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Migration Era and The Fall of Rome

By Gambargin
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The Voelkerwanderung or the Migration Era, in the strictest sense, describes the timeline at which various Germanic tribes, both nomads settled, invaded the territories of the Roman Empire and their later Successor, the Western Roman Empire and the Eastern Roman Empire. Depending the timeline, this could be set as early as 21 AD and as late as 700 AD, but generally speaking, from the 4th till the 5th century AD, when the last of the Western Roman empire, Romulus, was overthrown in 476 C.E by Odoacer, the first Barbarian king of Italy.

For the purpose of this monthly series, I will only focus on the Germanic tribes and exclude the other migratic tribes, such as the slavic and the steppe nomads. :)

What differs in this Era from the previous era is that, while previously most of the Germanic tribes were small confederation (with few exception, such as the Suebis), most of the Germanic tribes now have formed into a super tribes, giving birth to the culture we know today such as that like the Goths, Saxons, Allemanic, Langobardi (Lombards), Rugii, Vandals etc. Not only that, many of the Germanic tribes now boast plenty of warrior-elite societies, whose warriors were more armed and armored compared to their early ancestors, thanks to the contact with both the Roman world and the Steppe Nomads. At the same time, many of these Germanic tribes served as Roman foederati, which in the context of the migration period, was an extended Roman practice of subsidizing entire barbarian tribes — which included the Franks, Vandals, Alans and, best known, the Visigoths — in exchange for providing warriors to fight in the Roman armies. Some of the famous personality of the migration era served as Roman Foederati, such as Alaric and Odoacer.  

This map, like the previous one, is an attempt to roughly visualize the many Germanic tribes that migrated and brought about the fall of Western Roman Empire. Several factors contributed to the migratio of these people and in comparison to the previous centuries, they are were more severe. A major climatic change which caused a short of short "ice-age" which reached its height in the extreme weather during 535–536 that caused drastic drop in temperature of the northern eurasia, resulting in crop failures and famine. Such severe condition, coupled with the migration of steppe nomads into the western steppe, further pushed these Germanic tribes to migrate into the Roman territories; some out of desperation for survival, while others, to vulture on the dying Western Roman Empire. As such, several of these Germanic tribes would later establish their own realm and building their realm, which laid the foundation of the later medieval state of Europe.

To list a few, the Tervingi (Goths) entered Roman territory (after a clash with the Huns) in 376. Some time thereafter in Marcianopolis, the escort to Fritigern (their leader) was killed while meeting with Lupicinus. The Tervingi rebelled, and the Visigoths, a group derived either from the Tervingi or from a fusion of mainly Gothic groups, eventually invaded Italy and sacked Rome in 410, before settling in Gaul, and then, 50 years later, in Iberia, founding a Visigothic kingdom that lasted for 250 years. They were followed into Roman territory first by a confederation of Herulian, Rugian, and Scirian warriors, under Odoacer, that deposed Romulus Augustulus on 4 September AD 476, and later by the Ostrogoths, led by Theodoric the Great, who settled in Italy. In Gaul, the Franks (a fusion of western Germanic tribes whose leaders had been aligned with Rome since the 3rd CE) entered Roman lands gradually during the fifth century, and after consolidating power under Childeric and his son Clovis’s decisive victory over Syagrius in 486, established themselves as rulers of northern Roman Gaul. Fending off challenges from the Allemanni, Burgundians, and Visigoths, the Frankish kingdom became the nucleus of what would later become France and Germany. The initial Anglo-Saxon settlement of Britain occurred during the fifth century, when Roman control of Britain had come to an end. The Burgundians settled in North Western Italy, Switzerland and Eastern France in the fifth century. The Lombards, a Germanic people, settled in Italy with their Herulian, Suebian, Gepid, Thuringian, Bulgarian, Sarmatian and Saxon allies in the 6th century. The Vandals followed a similar paths as their Visigothic bretheren, eventually settling down in North Africa and established the Kingdom of the Vandals.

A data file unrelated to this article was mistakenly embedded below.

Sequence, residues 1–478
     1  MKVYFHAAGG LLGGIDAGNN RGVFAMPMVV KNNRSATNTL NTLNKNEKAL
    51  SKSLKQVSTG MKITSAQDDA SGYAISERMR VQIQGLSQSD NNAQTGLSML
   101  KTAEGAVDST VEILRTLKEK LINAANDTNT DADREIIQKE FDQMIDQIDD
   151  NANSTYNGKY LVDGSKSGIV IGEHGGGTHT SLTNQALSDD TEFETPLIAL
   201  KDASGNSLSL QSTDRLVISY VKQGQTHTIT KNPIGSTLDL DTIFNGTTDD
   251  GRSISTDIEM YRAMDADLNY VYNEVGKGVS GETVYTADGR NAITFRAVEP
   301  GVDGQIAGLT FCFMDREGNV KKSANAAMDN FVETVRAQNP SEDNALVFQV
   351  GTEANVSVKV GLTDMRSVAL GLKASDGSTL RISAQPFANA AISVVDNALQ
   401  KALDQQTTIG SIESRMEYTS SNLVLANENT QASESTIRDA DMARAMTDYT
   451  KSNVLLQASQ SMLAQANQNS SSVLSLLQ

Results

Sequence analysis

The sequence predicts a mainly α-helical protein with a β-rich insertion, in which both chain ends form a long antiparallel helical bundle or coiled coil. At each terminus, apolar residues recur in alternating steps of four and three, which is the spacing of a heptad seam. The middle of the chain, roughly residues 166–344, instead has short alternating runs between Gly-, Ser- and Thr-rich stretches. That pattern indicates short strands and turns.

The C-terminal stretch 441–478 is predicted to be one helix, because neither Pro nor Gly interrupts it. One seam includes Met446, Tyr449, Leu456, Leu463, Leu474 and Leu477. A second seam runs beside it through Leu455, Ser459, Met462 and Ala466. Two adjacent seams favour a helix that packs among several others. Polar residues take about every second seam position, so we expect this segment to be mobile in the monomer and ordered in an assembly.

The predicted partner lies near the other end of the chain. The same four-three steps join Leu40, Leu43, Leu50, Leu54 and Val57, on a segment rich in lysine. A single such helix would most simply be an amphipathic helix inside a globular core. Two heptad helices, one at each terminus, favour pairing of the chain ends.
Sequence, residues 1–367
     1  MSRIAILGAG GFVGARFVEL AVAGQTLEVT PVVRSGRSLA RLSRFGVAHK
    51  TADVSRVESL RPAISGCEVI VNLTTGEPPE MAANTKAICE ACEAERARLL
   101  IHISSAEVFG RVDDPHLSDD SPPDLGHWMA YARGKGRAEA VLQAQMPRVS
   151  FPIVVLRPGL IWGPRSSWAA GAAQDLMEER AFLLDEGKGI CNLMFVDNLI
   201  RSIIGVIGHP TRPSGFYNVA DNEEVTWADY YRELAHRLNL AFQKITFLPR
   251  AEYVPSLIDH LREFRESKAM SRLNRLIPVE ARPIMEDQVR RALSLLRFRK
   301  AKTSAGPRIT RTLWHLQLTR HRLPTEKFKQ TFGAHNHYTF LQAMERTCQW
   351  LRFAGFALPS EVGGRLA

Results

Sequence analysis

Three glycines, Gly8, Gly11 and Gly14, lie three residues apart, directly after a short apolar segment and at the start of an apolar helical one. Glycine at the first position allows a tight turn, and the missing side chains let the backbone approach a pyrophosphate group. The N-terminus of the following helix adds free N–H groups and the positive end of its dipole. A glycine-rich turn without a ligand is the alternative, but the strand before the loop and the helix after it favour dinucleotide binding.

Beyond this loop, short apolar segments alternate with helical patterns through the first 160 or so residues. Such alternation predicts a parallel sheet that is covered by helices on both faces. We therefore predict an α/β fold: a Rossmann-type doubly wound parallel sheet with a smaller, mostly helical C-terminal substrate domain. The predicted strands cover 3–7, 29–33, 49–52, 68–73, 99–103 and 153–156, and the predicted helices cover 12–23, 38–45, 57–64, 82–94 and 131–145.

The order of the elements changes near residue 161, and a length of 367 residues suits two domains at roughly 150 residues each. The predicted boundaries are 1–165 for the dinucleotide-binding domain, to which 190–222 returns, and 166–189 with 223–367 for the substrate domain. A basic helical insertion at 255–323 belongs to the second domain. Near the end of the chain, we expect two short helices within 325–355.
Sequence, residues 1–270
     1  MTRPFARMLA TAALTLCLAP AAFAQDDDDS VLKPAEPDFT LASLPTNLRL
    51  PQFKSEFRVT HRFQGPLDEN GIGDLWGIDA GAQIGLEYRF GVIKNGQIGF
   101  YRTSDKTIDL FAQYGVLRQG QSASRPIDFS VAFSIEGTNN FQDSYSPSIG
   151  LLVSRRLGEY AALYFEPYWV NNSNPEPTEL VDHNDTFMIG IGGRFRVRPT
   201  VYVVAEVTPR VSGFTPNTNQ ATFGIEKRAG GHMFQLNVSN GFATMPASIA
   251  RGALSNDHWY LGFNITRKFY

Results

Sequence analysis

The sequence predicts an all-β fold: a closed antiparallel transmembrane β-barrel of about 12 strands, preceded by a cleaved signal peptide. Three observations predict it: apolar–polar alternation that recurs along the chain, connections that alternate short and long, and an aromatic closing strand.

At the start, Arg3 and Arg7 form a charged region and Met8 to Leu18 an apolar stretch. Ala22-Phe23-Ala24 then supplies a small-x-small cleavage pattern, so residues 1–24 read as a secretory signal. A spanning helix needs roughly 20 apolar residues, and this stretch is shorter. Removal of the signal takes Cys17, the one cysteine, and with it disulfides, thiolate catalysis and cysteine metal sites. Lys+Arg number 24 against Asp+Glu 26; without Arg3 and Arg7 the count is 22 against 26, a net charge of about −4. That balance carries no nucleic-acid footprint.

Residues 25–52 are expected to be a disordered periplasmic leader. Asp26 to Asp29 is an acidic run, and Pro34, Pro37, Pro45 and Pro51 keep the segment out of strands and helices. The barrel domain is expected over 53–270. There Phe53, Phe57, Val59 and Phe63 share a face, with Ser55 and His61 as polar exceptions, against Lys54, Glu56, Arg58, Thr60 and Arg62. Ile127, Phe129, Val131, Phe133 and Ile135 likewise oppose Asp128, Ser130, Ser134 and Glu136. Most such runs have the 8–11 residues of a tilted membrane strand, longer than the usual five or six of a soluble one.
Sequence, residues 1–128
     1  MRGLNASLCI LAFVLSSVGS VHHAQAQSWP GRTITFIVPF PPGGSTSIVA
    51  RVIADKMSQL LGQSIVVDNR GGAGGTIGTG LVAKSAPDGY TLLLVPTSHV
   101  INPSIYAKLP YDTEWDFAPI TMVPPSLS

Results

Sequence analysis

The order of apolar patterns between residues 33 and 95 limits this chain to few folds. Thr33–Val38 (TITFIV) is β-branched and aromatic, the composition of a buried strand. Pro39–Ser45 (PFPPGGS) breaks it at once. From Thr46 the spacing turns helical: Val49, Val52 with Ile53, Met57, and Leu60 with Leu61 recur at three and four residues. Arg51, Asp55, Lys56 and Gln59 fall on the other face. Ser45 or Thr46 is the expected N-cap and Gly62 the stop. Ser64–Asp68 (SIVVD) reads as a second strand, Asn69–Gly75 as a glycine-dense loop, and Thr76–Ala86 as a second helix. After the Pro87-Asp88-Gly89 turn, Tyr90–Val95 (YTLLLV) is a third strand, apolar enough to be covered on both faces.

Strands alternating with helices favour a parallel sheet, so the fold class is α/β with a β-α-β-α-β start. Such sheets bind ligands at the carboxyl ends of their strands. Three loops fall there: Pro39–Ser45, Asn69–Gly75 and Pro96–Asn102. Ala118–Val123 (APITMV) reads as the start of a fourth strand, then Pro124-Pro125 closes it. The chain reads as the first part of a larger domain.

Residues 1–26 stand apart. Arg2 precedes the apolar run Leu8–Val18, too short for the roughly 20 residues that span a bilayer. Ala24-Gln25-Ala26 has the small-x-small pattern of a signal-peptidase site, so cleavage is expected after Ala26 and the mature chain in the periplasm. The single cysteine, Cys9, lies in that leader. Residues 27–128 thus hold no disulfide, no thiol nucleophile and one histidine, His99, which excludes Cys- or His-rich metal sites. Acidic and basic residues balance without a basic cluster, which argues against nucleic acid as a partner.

Created as part of Gambargin's Monthly Historical Sketch Series that aims to portray various cultures across the globe in the context of history, as a spin-off from the Historically Wrong Sketch Series :) (Smile)


Part 11: Germanic Men and Women of the Migration Era

Germanic Men and Women of the Migration Era by Gambargin



Part 9: The Migration of The Early Germanic People

The Migration of The Early Germanic People by Gambargin

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© 2016 - 2021 Gambargin
Comments6
anonymous's avatar
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Arminius1871's avatar
Fantastic, that topic is so cool **

Another idea, you could draw Wulfila, the one who christianized the goths and
wrote the famous bible in gothic language. Not to forget Theoderich, Alarich and Geiserich^^
Gambargin's avatar
There's a separate drawings coming for Germanic women warriors :D
jelitoto's avatar
yes!!!migreation era!!!
Gambargin's avatar
atomcyber's avatar
Great work dude! Interesting and unusual!
Gambargin's avatar
Thank you, glad you like it bro :)
anonymous's avatar
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